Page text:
Last year’s groundwater recharge numbers were impressive but what about this year?

May 28, 2024
Jesse Vad, SJV Water
by Jesse Vad, SJV Water
Delano-Earlimart Irrigation District General Manager Eric. R. Quinley shows where water will flow in new recharge ponds under construction in 2021. The Delano district has invested $30 million in 640 acres of new recharge ponds. Lois Henry / SJV Water
Jesse Vad, SJV Water
Jesse Vad, SJV Water

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This current, remarkably average water year – not last year’s barn burner –  will be the true test to see how well groundwater agencies are rejuvenating the San Joaquin Valley’s withered aquifers, longtime water managers say.

Yes, 2023’s historic wet year did a lot to help groundwater levels rebound in many parts of the valley. And the numbers were impressive.

  • 453,000 acre feet of floodwater was captured for storage, according to the state’s most recent semi-annual groundwater report released this month. 
  • The valley captured 91% of the state’s annual managed recharge, about 3.8 million acre feet. 
  • Groundwater levels rose in 52% of monitoring wells and stayed level in 44%. 
  • An area of about 800 square miles saw ground uplift, 40 times more than uplifted in 2018-2022. 

But the state report notes even a record breaking wet year isn’t enough to refill the aquifers and groundwater deficit persists. 

And really, the question isn’t whether districts with groundwater plans can store water in wet years, but average to dry ones, said Eric Quinley, general manager of Delano-Earlimart Irrigation District, which has been aggressively building recharge basins and infrastructure for years. 

“Unless a single (groundwater) plan is banking on every year being as wet as it was last year, it’s not a resilient plan,” said Quinley. 

There are districts that were able to use infrastructure to move and recharge water, he said. But many others saw recharge simply because copious amounts of water happened to hit their land and are now claiming that recharge for groundwater pumping credits, he added. 

“That’s not a resilient solution,” said Quinley. 

Using recharged floodwater also brings up tricky questions about water rights and future pumping. 

“Even those with infrastructure that were able to capitalize on last year’s supply need to be careful that they don’t oversell it because much of that water didn’t even have any associated water rights,” said Quinley. “There’s a question about the ability to utilize that water from a credit perspective and actually pump it in the future.”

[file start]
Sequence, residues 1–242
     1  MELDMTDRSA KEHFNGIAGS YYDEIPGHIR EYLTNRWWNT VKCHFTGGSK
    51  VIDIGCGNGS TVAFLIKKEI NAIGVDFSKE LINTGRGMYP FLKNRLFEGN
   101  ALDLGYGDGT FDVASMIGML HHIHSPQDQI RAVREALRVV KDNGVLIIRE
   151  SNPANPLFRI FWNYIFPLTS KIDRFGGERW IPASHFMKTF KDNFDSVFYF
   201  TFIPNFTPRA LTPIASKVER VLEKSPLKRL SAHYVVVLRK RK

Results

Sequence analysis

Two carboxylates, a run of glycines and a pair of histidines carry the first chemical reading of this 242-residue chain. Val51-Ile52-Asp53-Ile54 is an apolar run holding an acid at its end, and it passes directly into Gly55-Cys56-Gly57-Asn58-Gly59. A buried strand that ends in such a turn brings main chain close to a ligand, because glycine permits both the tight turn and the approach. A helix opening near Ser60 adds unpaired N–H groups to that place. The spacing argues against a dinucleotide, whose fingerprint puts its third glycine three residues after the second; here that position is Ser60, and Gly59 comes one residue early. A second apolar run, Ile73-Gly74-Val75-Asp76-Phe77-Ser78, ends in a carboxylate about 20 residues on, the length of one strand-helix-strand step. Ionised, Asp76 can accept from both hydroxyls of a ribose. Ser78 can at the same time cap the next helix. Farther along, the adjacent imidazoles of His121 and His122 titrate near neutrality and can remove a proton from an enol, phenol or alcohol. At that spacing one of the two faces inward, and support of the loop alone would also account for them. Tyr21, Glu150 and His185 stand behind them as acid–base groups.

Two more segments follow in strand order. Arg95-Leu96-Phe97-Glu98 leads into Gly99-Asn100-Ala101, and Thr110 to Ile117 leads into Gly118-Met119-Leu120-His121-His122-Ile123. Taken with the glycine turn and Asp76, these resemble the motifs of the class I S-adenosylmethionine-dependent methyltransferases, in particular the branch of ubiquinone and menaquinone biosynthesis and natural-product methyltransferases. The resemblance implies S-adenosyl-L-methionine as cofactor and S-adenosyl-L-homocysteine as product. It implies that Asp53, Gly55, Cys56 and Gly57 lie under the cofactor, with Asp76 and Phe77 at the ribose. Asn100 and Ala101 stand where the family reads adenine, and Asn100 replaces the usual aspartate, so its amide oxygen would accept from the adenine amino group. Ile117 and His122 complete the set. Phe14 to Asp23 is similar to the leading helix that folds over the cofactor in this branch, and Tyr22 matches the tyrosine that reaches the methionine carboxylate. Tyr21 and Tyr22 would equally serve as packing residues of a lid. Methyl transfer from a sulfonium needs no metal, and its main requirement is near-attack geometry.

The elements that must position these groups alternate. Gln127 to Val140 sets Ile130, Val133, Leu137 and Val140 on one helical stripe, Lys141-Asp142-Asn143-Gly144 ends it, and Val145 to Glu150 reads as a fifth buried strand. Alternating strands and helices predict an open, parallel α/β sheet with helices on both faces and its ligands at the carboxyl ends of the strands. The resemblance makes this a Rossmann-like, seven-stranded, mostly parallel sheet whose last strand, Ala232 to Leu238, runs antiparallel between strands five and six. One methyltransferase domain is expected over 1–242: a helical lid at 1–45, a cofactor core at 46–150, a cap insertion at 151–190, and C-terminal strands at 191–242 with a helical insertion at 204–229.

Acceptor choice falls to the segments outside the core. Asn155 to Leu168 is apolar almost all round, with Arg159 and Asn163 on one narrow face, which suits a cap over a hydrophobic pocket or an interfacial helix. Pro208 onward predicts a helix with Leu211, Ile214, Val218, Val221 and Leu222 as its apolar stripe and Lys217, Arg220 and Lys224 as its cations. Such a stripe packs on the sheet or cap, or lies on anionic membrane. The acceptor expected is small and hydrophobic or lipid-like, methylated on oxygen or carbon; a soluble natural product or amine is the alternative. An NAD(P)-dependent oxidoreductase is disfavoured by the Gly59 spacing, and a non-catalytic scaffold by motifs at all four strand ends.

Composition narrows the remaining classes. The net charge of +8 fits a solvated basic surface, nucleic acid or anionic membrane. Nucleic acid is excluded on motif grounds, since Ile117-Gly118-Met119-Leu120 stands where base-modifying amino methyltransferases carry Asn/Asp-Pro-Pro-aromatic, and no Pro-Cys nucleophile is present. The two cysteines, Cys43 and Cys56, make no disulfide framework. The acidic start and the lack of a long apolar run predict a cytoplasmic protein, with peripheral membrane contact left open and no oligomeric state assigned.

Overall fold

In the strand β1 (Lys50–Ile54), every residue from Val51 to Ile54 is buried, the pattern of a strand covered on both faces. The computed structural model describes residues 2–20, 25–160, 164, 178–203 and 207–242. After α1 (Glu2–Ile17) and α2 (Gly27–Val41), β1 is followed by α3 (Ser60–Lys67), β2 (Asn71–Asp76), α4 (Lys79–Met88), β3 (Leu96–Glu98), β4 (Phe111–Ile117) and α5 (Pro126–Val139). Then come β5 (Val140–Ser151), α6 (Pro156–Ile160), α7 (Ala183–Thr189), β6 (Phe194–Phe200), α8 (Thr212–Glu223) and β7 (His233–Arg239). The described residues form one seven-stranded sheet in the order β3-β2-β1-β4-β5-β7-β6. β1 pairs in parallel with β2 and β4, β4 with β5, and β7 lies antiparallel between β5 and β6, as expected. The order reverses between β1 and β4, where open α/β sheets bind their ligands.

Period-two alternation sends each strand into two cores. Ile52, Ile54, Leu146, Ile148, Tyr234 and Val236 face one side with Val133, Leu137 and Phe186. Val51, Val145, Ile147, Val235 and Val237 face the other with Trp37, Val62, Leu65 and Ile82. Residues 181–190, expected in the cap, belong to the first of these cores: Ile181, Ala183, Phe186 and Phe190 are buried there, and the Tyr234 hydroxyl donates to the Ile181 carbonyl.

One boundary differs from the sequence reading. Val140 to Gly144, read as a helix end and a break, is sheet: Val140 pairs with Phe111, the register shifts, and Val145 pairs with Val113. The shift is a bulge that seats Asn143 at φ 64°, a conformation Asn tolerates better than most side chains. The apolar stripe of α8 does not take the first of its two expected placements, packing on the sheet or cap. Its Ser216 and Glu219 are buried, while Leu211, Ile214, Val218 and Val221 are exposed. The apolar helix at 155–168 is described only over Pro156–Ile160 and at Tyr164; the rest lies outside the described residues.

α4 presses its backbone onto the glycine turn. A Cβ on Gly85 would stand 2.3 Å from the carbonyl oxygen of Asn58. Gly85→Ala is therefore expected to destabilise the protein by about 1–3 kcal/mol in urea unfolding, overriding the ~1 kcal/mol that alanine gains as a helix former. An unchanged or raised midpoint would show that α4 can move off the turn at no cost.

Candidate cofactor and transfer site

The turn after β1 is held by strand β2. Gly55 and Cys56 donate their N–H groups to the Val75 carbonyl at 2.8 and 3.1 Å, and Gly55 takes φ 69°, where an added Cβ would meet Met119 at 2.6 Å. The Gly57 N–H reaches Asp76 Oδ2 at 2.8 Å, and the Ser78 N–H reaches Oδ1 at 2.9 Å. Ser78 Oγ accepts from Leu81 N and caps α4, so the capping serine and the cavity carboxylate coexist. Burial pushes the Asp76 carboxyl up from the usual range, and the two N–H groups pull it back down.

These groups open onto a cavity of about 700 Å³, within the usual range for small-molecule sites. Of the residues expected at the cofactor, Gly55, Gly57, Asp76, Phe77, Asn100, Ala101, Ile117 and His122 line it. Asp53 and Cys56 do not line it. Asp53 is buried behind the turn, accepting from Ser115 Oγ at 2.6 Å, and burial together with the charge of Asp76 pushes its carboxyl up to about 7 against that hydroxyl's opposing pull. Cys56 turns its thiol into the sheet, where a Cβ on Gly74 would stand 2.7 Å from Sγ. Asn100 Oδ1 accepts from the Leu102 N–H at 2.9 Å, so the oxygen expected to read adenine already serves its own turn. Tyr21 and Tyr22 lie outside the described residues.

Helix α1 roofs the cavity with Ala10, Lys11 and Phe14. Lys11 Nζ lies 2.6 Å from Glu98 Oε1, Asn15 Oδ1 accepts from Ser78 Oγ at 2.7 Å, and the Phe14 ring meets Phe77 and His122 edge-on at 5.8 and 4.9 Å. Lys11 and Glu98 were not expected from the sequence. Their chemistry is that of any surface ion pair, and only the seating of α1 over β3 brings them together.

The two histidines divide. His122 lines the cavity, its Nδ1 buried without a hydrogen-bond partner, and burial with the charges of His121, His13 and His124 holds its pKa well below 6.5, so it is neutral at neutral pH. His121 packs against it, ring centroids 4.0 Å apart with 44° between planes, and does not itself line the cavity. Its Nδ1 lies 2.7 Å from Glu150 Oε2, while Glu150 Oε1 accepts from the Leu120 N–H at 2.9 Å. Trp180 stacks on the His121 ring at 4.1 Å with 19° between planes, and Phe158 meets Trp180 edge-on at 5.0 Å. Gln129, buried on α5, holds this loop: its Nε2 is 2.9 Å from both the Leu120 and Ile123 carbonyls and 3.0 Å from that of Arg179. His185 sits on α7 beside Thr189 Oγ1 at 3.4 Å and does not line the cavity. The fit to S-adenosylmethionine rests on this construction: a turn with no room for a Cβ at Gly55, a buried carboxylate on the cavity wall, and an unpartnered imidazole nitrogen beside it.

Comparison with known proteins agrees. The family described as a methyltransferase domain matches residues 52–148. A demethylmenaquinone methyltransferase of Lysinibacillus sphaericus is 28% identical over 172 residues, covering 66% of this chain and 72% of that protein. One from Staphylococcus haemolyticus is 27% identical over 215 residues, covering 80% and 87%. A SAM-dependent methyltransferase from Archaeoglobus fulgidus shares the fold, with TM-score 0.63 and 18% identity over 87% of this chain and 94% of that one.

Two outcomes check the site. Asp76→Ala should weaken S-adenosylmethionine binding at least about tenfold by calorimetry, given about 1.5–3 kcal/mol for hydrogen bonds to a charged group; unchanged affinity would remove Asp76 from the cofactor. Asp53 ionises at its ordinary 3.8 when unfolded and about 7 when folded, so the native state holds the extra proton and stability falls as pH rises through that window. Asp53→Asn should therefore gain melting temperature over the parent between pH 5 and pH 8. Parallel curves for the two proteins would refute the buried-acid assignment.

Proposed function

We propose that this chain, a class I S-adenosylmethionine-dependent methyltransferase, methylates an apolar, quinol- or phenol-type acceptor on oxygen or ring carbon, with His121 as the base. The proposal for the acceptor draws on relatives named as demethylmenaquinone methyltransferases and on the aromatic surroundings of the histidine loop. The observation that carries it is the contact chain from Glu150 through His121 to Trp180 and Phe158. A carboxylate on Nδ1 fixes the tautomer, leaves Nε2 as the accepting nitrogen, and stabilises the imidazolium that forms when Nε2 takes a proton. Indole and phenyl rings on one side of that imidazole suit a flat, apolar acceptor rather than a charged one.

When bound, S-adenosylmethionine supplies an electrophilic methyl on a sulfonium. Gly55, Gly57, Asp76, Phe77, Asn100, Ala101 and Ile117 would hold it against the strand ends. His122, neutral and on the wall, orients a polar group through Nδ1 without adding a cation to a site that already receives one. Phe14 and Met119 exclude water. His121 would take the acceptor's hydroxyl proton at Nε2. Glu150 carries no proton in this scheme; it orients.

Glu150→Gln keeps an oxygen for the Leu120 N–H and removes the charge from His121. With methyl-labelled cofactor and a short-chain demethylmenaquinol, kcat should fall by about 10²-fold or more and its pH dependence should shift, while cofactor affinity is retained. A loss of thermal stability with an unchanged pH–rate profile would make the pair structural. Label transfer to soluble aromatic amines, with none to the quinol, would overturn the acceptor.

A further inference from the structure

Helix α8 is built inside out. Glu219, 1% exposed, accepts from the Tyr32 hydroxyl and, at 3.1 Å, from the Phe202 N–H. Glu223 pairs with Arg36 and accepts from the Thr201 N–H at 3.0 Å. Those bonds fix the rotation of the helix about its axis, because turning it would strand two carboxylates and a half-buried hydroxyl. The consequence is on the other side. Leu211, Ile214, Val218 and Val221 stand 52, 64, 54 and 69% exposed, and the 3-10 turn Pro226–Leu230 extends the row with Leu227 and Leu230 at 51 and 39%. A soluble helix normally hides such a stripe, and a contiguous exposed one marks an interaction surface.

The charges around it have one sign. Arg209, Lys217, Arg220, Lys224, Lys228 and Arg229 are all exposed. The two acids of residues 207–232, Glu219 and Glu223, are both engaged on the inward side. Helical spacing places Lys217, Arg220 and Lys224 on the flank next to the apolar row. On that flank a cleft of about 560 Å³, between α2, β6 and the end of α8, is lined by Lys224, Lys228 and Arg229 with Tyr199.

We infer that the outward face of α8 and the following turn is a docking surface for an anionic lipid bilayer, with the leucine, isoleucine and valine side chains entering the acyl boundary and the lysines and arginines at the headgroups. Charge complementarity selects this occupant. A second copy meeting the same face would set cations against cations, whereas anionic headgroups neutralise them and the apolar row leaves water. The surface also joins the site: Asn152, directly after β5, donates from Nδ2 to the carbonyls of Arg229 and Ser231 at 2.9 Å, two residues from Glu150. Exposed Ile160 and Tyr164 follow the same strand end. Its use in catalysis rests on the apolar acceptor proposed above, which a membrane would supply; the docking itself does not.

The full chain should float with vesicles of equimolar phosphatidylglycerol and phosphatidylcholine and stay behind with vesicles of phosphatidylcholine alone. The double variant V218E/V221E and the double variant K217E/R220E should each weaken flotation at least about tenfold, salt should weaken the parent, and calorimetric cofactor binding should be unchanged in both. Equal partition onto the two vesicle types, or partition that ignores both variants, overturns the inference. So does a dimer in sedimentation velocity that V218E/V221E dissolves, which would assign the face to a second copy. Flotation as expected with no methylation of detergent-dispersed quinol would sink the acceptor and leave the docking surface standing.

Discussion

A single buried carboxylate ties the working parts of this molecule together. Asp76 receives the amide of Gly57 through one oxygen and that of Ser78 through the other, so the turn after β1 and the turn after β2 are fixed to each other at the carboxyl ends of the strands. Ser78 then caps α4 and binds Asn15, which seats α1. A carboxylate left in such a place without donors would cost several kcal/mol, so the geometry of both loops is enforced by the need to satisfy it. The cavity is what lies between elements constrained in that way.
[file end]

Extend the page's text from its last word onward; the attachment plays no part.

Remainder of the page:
A good test for resilient groundwater plans would be to see who can recharge in an average water year, such as 2024 appears to be trending, said Quinley. Not many people can do that, he added. But to really make sustainability work, they will have to, he said. 

Some districts have been able to recharge this year, although the numbers pale in comparison to 2023. 

Arvin-Edison Water Storage District in Kern County recharged more than 266,000 acre feet last year, said Jeevan Muhar, engineer-manager of Arvin-Edison. This year the district is on track to recharge about 30,000 acre feet, he said. 

Last year’s amount of water helped to rebound some of the district’s groundwater levels, said Muhar.

“Last year was historic,” said Muhar. 

In Tulare County, the Lower Tule River and Pixley irrigation districts saw 411,000 and 82,000 acre feet recharged respectively. 

“The way water was managed last year was much different,” said Eric Limas, general manager for Lower Tule and Pixley. 

Limas said almost all water districts in the valley have invested in recharge in some capacity because of the Sustainable Groundwater Management Act (SGMA,) California’s groundwater law that aims to bring aquifers back to sustainable levels by 2040. In the past, many districts relied only on surface water supplies and pumped when they couldn’t, said Limas. That’s changing now, he added. 

But Limas also cautioned that last year should not be seen as something that will happen again anytime soon. 

“The hydrology we got last year was one of those outlier years,” said Limas. 

Limas said he doesn’t expect a similar year for another 20-40 years.

While some districts have already “fallen off the ledge,” said Quinley, Delano-Earlimart will be putting tens of thousands of acre feet of water in the ground this year. 

And that’s including after having to shut off water for about two weeks because the Friant-Kern Canal project is tying in its new canal. That project has been years in the making after the canal was damaged due to sinking ground from localized overpumping of groundwater. 

It’s an unfortunate loss of water the district will never get back, said Quinley.

Jesse Vad, SJV Water

SJV Water is an independent, nonprofit news site dedicated to covering water in the San Joaquin Valley. Get inside access to SJV Water by becoming a member.


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